If you have been placed on probation in Nevada, the potential sentence of jail or prison time has been “suspended.” The probationer agrees to comply with various terms and conditions as stipulated by the court. As a result, individuals who violate their terms of probation will find themselves in jail without bond. They will have to sit and wait until it comes time for what is known as their probation revocation hearing (PRH). At that time, that judge has several options to choose from when deciding how to proceed, such as jail time, extending the length of your probation, or revocation.

If you or a loved one is facing a first-time probation violation, then you need to contact the law offices of the Goodwin Law Group, PLLC of Las Vegas, NV, and ask to schedule a free consultation to discuss your case.

What Can Cause a Person to Be Violated?

Several actions can cause a probationer to violate their probation. One of the most common causes of probation violation is when the probationer commits a new crime or actions such as:

  • Possessing firearms, drugs, or other items that are not permitted
  • Failing to check in with the probation officer at the designated times
  • Leaving the state without permission
  • Repeatedly testing positive on drug tests
  • Acting aggressively toward the probation officer, including intimidation, threats, or hitting them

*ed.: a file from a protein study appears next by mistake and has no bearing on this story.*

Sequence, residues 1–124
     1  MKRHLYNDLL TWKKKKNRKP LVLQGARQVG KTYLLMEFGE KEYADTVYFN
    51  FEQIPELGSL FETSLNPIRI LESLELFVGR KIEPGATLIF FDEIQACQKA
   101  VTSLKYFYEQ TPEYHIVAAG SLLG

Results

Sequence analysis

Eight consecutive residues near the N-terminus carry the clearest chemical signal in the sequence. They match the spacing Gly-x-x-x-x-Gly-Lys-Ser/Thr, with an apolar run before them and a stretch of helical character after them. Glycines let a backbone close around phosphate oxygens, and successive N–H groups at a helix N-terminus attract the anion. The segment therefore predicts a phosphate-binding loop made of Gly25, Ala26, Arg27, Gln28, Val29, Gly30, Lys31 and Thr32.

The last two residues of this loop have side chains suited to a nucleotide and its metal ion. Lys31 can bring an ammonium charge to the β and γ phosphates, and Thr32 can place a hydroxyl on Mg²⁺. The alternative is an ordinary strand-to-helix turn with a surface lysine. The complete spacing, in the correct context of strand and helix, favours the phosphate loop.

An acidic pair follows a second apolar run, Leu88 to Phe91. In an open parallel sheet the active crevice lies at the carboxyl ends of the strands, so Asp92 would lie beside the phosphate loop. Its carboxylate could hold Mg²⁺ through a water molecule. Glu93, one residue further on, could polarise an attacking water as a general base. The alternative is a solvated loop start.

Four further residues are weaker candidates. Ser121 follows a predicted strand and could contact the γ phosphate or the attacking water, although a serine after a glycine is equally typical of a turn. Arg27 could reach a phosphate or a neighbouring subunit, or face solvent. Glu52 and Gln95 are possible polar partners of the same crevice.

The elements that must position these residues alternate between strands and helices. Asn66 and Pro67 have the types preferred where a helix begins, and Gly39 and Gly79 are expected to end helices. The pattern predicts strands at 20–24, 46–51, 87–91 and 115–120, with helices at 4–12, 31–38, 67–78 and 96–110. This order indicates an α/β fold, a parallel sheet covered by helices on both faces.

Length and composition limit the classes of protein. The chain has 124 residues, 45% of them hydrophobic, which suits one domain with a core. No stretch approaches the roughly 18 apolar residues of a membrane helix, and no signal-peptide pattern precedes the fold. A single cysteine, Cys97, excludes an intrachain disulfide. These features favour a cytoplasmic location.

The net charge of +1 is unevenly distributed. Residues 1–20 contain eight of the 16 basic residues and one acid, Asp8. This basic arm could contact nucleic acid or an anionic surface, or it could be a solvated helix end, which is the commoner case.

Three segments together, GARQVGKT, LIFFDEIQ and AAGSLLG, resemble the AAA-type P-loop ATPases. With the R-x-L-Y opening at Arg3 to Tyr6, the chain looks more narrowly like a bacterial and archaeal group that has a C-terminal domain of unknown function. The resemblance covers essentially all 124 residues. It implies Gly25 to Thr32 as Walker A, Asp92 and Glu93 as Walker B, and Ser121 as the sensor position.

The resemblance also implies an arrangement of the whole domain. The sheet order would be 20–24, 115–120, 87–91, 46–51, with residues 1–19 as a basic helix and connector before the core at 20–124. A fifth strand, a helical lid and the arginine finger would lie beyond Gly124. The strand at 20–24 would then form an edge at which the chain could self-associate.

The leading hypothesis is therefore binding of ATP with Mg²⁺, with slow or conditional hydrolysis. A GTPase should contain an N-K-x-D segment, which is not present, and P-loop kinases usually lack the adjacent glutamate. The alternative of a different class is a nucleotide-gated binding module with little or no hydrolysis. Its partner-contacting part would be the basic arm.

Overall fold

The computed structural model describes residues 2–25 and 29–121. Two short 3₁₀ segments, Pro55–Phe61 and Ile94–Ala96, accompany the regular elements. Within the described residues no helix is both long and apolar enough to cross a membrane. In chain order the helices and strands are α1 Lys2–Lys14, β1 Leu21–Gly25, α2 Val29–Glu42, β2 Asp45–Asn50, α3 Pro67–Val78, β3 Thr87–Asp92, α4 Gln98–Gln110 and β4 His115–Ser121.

• Failing to maintain employment
  • Failure to follow curfew requirements

What Happens at a Probation Revocation Hearing?

A probation revocation hearing is also called a probation violation hearing and is, in essence, like a criminal trial, with the judge deciding the outcome. The whole intention of the hearing is to determine whether or not you are guilty of violating your probation. You will have some of the same rights as in a regular trial, such as the right to testify, be represented by an attorney, present evidence, and call or cross-examine witnesses.

The state does not have to prove beyond a reasonable doubt that you are in violation. Therefore, the judge must only be satisfied that you violated probation. If the judge finds your favor, your probation will be reinstated. If not, then the judge has the option to modify or revoke your probation.

What Happens if the Judge Revokes My Probation?

If the judge revokes your probation, you will likely have to finish the rest of your suspended sentence in jail, or the court could order house arrest. However, typically the judge will consider several factors before handing down a sentence for a probation violation, such as the following:

  • Your prior criminal record
  • The seriousness of your violation
  • The length of time that you had successfully completed the terms of your probation before the violation occurred
  • Recommendations by your probation officer

How Can a Probation Violation Attorney Help Me?

When you have been charged with a probation violation, a criminal defense lawyer can be your advocate and fight for your rights during your revocation hearing. The attorneys of the Goodwin Law Group, PLLC of Las Vegas, NV, have the skill and experience necessary to mount a strong and aggressive definition on your behalf. Our main objective is to obtain an outcome that is fully favorable to you. Contact our law offices by calling (702) 472 9594 to schedule a free consultation.